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Apple blames Oxford for Firewire data loss bug
And Oxford blames drive vendors...
Apple and 1394 chip maker Oxford Semiconductor are each blaming others for data lost when some Mac users upgraded to Mac OS X 10.3, aka Panther, in the week following its release on 24 October.
The problem emerged on official and third-party support forums early last week, when users who had upgraded to Panther while their external Firewire drives were connected to their computers, found information stored on said drives had been irreparably damaged. Some users reported experiencing data loss when they rebooted into Panther with their drives connected.
Users have claimed to have experienced the problem with both 400MBps and 800MBps versions of 1394, but late last week Apple issued a statement acknowledging the problem with FireWire 800 drives.
The Mac maker laid the blame at Oxford's door: "Apple has identified an issue with external Firewire hard drives using the Oxford 922 bridge chip-set with firmware version 1.02 that can result in the loss of data stored on the disk drive. Apple is working with Oxford Semiconductor and affected drive manufacturers to resolve this issue, which resides in the Oxford 922 chipset," the company statement said.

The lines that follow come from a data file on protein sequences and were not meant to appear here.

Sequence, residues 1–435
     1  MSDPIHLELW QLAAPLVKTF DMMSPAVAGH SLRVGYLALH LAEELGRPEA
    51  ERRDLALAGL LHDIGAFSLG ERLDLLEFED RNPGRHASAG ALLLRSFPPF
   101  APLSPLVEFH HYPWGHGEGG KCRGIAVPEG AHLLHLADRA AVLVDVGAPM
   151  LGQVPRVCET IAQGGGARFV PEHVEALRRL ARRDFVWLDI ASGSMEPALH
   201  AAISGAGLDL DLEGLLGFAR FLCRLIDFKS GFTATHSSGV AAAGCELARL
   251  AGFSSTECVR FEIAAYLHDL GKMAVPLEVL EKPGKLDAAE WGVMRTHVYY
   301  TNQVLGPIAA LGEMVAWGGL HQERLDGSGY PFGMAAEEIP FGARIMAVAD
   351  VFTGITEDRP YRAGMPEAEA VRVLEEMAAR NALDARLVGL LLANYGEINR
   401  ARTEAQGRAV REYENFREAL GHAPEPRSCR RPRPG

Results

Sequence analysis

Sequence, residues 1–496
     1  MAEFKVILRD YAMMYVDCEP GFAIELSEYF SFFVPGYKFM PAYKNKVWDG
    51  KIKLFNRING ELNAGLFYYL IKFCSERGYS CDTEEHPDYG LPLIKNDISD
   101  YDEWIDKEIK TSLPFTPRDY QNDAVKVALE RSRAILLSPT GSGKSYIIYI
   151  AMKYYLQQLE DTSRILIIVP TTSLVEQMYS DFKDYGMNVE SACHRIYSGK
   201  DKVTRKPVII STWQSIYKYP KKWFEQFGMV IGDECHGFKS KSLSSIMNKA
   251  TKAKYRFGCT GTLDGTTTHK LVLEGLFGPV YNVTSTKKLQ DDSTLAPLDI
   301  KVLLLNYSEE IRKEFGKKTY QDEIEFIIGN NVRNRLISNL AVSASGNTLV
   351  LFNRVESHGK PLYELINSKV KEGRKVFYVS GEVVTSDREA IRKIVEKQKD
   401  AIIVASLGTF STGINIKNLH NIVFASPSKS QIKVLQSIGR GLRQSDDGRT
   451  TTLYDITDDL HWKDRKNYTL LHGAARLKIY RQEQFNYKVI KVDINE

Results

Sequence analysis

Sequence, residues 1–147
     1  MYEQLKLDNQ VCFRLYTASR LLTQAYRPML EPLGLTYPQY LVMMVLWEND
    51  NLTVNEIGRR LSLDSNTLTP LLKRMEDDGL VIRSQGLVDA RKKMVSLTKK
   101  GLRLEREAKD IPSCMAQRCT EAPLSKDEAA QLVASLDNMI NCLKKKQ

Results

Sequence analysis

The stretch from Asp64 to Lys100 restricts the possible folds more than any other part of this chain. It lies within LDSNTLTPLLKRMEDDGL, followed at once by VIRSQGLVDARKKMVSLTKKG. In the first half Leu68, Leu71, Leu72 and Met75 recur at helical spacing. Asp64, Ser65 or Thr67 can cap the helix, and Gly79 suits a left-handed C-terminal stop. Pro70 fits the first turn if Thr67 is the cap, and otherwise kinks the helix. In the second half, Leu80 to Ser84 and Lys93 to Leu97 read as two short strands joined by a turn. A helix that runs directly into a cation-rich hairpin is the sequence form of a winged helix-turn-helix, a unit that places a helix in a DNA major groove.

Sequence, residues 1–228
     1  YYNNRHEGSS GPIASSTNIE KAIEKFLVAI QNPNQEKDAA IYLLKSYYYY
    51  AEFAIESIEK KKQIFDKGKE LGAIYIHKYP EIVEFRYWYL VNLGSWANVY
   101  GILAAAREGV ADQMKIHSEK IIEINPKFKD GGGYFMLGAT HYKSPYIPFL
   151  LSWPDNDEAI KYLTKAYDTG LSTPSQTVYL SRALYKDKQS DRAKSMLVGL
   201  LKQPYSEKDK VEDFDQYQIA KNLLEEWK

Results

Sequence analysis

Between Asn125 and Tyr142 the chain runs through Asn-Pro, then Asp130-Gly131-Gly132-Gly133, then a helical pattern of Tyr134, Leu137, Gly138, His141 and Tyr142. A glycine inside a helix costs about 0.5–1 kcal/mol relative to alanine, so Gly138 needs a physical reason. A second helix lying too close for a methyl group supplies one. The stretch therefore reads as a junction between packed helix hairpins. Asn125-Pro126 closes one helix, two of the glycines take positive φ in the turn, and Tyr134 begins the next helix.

However, Oxford issued a statement of its own, effectively passing the buck back on to hard drive manufacturers.
"Currently we believe this issue relates to a change in the way Panther uses FireWire that affected version 1.02 of the OXUF922 driver software," the Oxford statement reads.
However, says Oxford, "a new version, 1.05, was issued by Oxford Semiconductor to the manufacturers of external drive products in early September".
In other words, there was a patch out. The question is, did Apple know about it? If so, why didn't it advise Panther installers to ask their FireWire driver vendors for the appropriate firmware update? To be fair to Apple, it's not its responsibility to liaise between users and third-party product makers. But a polite warning to users would have been politic, particularly since many users will have connected external FireWire 800 drives to back-up their data prior to the Panther install. As we did, albeit with an older FireWire 400 unit.
"For firmware updates for OXUF922-based FireWire drive products please consult your manufacturer's website," says Oxford.
Until those patches become available, Apple is recommending users keep their FireWire 800 drives disconnected. So far, LaCie, Otherworld Computing (OWC), EZ Quest and WiebeTech have introduced patches to update their FireWire 800 products' firmware. ®